Could the Mississippi-Missouri river system have become a cradle of civilization?

Many of the OTL cradles of civilization were based around major rivers like the Nile, the Indo-Gangetic plain, the Mesopotamian region with the Tigris and Euphrates, and the Yangtze and Yellow River of China. The New World isn't lacking in major river systems either, and in particular the Mississippi-Missouri system stands out as a viable candidate.

Could it be possible for, say, a Cahokia-like civilization to have a long-term influence on the area the way ancient Egyptians developed around the Nile?
 
With an earlier adoption of short season corn and animal husbandry/aquaculture of fish maybe.
The problem with that, is that while the Mississippi and Missouri could've become a cradle of civilization to rival the Euphrates and Tigris, there weren't a lot of easily tame-able animals over there, you'd have to prevent a lot of the obvious candidates (such as horses) from becoming extinct in the Americas. That way, you'd have a fertile, flat land several times the size of the Fertile Crescent, and beasts of burden to help humans move and trade goods, you'd end up with several cities the size of Tenochtitlan centuries if not millennia ahead of schedule.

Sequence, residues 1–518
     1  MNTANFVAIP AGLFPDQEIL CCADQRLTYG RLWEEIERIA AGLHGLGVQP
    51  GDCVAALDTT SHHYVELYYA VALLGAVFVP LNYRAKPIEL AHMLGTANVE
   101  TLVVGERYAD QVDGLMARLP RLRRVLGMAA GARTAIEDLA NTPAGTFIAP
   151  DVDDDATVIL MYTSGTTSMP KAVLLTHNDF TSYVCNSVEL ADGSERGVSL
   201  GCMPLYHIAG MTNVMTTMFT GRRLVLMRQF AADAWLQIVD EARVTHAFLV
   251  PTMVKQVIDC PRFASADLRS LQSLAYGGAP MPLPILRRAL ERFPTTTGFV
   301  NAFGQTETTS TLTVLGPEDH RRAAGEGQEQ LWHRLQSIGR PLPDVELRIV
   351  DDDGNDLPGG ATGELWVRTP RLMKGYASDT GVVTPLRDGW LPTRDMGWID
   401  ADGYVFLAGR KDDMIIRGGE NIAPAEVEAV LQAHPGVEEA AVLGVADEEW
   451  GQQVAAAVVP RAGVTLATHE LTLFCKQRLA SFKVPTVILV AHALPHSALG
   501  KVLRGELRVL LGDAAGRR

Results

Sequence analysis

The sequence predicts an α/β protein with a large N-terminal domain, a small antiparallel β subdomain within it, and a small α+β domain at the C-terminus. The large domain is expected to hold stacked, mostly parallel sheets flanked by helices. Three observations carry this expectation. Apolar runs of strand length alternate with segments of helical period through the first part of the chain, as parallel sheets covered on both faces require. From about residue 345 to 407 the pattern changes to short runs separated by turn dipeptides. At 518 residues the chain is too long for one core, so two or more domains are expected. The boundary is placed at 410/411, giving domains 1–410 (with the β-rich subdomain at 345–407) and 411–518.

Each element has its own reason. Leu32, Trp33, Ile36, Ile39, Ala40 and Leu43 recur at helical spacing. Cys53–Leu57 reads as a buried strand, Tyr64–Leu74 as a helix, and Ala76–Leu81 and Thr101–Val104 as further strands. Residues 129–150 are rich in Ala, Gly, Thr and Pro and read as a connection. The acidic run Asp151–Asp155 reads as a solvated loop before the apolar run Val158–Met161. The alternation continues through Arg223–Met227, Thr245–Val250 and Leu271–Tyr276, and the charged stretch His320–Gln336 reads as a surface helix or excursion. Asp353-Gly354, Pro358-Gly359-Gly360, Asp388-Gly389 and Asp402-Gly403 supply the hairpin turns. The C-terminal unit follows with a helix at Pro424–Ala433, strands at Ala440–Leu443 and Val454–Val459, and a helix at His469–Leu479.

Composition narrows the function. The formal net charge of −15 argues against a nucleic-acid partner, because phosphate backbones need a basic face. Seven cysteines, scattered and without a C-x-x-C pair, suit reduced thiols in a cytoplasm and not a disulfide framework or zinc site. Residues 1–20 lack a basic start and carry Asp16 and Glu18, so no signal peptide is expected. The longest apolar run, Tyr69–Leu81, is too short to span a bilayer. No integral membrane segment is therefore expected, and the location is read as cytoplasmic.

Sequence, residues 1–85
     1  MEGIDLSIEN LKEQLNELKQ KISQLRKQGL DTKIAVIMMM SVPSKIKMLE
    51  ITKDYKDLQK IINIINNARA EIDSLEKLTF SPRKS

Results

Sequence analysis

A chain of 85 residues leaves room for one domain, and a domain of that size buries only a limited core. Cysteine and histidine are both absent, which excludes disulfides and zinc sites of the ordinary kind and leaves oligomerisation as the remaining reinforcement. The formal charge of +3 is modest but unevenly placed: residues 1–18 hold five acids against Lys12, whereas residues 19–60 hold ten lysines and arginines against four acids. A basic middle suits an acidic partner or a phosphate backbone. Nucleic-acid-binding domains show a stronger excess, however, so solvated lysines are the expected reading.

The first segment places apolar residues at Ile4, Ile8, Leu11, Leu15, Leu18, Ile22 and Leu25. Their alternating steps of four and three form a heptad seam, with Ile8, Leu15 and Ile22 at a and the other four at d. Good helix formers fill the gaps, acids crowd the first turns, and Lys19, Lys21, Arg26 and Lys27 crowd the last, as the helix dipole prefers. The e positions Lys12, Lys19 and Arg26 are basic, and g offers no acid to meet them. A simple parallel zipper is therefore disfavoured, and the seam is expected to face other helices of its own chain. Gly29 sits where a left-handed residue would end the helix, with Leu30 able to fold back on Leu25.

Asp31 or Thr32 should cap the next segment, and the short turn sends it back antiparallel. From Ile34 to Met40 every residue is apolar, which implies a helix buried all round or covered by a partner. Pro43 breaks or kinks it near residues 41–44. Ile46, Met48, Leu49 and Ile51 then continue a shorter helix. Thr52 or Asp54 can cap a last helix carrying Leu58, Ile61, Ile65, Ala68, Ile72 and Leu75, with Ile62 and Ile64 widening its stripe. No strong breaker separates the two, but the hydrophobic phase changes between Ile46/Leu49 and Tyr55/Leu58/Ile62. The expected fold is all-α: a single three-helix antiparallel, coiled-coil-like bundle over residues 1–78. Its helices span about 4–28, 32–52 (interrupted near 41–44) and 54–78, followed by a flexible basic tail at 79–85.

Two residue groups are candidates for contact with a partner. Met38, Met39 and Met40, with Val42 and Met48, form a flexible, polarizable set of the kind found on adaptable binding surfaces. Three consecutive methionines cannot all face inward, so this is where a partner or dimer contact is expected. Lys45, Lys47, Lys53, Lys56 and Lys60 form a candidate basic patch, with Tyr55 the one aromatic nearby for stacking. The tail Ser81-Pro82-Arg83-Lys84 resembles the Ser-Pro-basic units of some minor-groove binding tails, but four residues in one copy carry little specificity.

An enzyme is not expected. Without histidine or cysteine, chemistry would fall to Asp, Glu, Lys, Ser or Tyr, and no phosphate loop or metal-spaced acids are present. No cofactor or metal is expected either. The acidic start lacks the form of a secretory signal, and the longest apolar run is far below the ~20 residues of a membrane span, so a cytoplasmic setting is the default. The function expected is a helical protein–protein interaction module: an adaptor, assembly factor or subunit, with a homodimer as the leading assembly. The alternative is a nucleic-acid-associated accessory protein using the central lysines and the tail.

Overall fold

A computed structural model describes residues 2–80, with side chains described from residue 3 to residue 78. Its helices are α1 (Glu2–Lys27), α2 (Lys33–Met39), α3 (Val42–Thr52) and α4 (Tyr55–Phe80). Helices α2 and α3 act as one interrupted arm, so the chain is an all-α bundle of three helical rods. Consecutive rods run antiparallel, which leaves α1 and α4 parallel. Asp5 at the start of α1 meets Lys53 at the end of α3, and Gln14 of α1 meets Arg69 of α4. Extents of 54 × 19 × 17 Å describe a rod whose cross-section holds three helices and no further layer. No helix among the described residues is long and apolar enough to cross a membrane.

The problem with that, is that while the Mississippi and Missouri could've become a cradle of civilization to rival the Euphrates and Tigris, there weren't a lot of easily tame-able animals over there, you'd have to prevent a lot of the obvious candidates (such as horses) from becoming extinct in the Americas. That way, you'd have a fertile, flat land several times the size of the Fertile Crescent, and beasts of burden to help humans move and trade goods, you'd end up with several cities the size of Tenochtitlan centuries if not millennia ahead of schedule.
Not really. Beasts of burden are nice but dogs can (somewhat) fill that role and some potential domesticates already exist in Eastern North America like ducks (mallards), the Canada goose, and maybe squirrels which give protein to the people (Cahokia IIRC suffered a lack of protein at its height) and also their dogs. If the population is large enough, then many people will work as porters.